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STYROLENE, C 6 H 6 -CH:CH 2 , also known as phenylethylene or vinylbenzene, an aromatic hydrocarbon found to the extent of i to 4% in storax; it also occurs with crude xylene in coal tar fractions. It may be obtained from storax by distillation with water, and synthetically by heating cinnamic acid with lime, by the action of aluminium chloride on a mixture of vinyl bromide and benzene, by removing the elements of hydrobromic acid from bromethylbenzene by means of alcoholic potash, or, best, by treating /3-bromhydrocinnamic acid with soda, when it yields styrolene, carbon dioxide and hydrobromic acid. It also results on condensing acetylene, and on reducing phenylacetylene by zinc dust and acetic acid. It is a clear, strongly refractive liquid, which has a pleasant odour; it boils at 144 and has a specific gravity of 0-925 at o. Styrolene is oxidized by nitric or chromic acids to benzoic acid; reduction gives ethylbenzene; hydrochloric and hydrobromic acids yield a-haloid ethylbenzenes, e.g. C 6 H 5 -CHC1-CH 3 ; whilst chlorine and bromine give o/3-dihaloid ethylbenzenes, e.g. C 6 H 5 -CHC1-CH 2 C1.

io6o Styrolene gives origin to three series of derivatives, two of which contain the substituents in the side chain, e.g. CjHs-CChCHj or a-compounds, and CeHe-CHrCHCl, or u-compounds, whilst in the third the benzene nucleus is substituted. The a-halogen compounds are obtained by heating styrolene chloride (or bromide) with lime or alcoholic potash; they are liquids which have a penetrating odour, and yield acetophenone when heated with water to 180 . The u-chlor compound results when /3-phenyl-a-chlorlactic acid (from hypochlorous acid and cinnamic acid) is heated with water; it has a hyacinthine odour and yields phenylacetaldehyde when heated with water. Nitrostyrolene results when styrolene is treated with fuming nitric acid.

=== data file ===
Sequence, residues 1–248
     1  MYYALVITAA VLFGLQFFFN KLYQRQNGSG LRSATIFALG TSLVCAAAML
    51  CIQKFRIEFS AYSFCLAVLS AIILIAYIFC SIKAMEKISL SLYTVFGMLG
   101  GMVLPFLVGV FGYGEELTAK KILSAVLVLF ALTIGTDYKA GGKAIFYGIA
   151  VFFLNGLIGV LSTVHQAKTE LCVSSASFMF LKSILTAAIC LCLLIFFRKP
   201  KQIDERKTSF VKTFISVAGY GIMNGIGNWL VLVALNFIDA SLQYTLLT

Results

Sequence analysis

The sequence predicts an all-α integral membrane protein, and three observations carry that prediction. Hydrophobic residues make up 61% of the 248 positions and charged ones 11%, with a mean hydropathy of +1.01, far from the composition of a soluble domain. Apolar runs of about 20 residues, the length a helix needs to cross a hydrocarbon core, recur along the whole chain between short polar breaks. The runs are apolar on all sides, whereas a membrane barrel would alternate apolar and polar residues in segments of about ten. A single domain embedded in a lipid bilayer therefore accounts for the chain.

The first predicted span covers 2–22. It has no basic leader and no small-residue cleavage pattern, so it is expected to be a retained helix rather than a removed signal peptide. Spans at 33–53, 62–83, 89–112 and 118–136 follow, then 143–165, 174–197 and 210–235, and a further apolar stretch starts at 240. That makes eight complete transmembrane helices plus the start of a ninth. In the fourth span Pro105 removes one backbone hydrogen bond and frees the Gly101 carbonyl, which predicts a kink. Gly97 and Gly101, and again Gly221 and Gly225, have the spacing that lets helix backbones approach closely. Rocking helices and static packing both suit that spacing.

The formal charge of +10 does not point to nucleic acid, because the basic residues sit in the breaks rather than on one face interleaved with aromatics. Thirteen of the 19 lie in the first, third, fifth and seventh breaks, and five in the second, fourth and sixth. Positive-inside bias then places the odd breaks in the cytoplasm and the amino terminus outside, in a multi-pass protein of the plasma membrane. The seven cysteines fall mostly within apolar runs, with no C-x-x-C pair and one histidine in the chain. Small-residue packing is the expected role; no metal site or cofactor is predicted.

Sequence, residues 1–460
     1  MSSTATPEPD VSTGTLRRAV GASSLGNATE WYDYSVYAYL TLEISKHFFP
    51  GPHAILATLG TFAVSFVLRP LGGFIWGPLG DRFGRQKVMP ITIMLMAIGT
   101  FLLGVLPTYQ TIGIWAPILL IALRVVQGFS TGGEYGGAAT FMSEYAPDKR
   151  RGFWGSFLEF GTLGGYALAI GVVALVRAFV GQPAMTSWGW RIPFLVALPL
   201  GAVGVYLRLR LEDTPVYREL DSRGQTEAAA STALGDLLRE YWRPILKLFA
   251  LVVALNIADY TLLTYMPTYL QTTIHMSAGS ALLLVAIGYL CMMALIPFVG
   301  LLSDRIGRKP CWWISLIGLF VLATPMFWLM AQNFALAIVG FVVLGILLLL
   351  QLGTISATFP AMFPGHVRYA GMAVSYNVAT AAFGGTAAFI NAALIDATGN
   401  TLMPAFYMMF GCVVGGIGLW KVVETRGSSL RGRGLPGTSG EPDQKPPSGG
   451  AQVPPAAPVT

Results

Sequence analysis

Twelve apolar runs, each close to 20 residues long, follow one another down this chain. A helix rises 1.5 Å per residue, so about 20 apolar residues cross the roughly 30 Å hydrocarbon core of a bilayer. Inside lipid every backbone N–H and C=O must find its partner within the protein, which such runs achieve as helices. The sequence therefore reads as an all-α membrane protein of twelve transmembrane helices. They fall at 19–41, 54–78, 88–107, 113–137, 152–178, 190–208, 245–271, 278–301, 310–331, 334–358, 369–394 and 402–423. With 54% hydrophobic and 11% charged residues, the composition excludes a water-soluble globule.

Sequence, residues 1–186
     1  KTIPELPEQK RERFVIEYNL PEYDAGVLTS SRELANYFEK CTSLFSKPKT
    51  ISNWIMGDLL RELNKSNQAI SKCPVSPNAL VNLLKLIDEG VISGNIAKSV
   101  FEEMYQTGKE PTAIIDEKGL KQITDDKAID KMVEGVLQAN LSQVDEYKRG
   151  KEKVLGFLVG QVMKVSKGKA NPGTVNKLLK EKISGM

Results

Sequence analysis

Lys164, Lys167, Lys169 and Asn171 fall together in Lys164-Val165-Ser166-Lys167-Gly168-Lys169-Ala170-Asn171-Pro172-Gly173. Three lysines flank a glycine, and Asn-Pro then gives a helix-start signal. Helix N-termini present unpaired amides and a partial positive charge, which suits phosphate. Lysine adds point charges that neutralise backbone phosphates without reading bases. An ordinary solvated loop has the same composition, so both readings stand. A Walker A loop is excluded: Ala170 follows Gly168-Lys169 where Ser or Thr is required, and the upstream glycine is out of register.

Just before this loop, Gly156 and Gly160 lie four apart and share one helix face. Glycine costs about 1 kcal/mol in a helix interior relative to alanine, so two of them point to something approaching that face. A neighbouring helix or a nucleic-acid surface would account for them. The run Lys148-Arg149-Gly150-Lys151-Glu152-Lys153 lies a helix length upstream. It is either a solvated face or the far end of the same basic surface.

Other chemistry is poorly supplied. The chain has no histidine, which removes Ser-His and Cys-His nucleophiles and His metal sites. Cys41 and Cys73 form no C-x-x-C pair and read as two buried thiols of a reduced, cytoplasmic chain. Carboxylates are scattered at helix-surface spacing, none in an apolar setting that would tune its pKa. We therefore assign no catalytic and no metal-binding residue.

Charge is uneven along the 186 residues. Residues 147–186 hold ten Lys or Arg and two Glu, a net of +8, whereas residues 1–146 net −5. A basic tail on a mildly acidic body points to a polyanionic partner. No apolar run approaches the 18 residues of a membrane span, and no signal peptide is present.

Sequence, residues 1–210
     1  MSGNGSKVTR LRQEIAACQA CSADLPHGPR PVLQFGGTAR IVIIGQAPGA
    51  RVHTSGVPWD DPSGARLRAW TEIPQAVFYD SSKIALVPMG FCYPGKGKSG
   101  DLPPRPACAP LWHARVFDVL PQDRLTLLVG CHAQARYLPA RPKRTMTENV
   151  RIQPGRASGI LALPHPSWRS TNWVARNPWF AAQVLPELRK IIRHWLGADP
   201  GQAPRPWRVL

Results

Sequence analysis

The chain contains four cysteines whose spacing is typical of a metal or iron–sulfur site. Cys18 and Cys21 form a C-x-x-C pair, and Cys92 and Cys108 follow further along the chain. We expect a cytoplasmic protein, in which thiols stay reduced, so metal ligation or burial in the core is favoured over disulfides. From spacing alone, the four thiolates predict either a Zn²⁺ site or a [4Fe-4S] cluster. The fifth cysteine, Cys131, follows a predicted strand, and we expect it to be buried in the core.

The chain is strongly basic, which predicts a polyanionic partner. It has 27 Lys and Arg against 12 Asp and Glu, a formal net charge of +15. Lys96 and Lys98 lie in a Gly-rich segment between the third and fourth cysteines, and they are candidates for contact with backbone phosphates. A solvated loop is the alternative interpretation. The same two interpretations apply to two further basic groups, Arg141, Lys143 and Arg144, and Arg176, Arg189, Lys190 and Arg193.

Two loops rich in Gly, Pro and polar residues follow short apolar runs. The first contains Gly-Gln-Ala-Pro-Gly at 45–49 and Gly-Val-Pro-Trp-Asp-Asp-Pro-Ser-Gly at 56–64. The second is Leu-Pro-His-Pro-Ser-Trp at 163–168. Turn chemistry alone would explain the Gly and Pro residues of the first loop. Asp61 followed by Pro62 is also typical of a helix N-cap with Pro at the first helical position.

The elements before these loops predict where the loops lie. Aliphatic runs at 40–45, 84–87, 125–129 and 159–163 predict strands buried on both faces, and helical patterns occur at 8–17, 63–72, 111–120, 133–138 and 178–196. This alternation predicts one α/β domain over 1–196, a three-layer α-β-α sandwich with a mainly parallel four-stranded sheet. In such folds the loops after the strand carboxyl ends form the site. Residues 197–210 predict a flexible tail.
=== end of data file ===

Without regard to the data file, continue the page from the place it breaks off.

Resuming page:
Related to styrolene is phenylacetylene, CeHs-CjCH, which results; when a-bromstyrolene or acetophenone chloride are heated to i3O o with alcoholic potash, or phenylpropiolic acid with water to 120 . It is a liquid, boiling at 139 and having a pleasant odour. It resembles acetylene in yielding metallic derivatives with ammoniacal copper and silver solutions. On solution in sulphuric acid, followed by dilution with water, it yields acetophenone.

Stilbene or toluylene, C 6 H 6 -CH : CH-CiHi, is symmetrical diphenylethylene. It may be obtained by distilling benzyl sulphide |or disulphide, by the action of sodium on benzaldehyde or benzal chloride, by distilling fumaric and cinnamic phenyl esters:

+C 6 H 6 -CH :CH-C 6 H 6 (Ber., i8,p. 1945), and fromchlor asymmetrical diphenylethane derivatives which undergo a rearrangement when heated (Ber., 7. p. 1409). Stilbene (from Gr. <rrtX/3eu> > to glisten) crystallizes in large, colourless, glistening monoclinic plates, which melt at 124 and boil at 306. On passing the vapour through red-hot tubes it yields anthracene and toluene. Reduction with hydriodic acid gives dibenzyl, and heating with sulphur gives tetraphenylthiophene or thionessal. Many derivatives are known, some of which exist in two structural forms, exhibiting geometrical isomerism after the mode of fumaric and maleic acids. Those substituted in the benzene nucleus are obtained by condensing two molecules of a substituted benzyl and benzal chlorides. The diortho and dipara dinitro compounds result from the action of alcoholic potash on ortho- and para-nitrobenzyl chlorides. The latter on reduction yields a diamino compound, the disulphonic acid of which on diazotization and coupling with a phenol, etc., gives valuable substantive cotton dyes after the type yielded by Benzidine. Stilbene bromide when treated with alcoholic potash gives diphenyl acetylene or tolane, CeHs-CiC-CeHj.

Note - this article incorporates content from Encyclopaedia Britannica, Eleventh Edition, (1910-1911)

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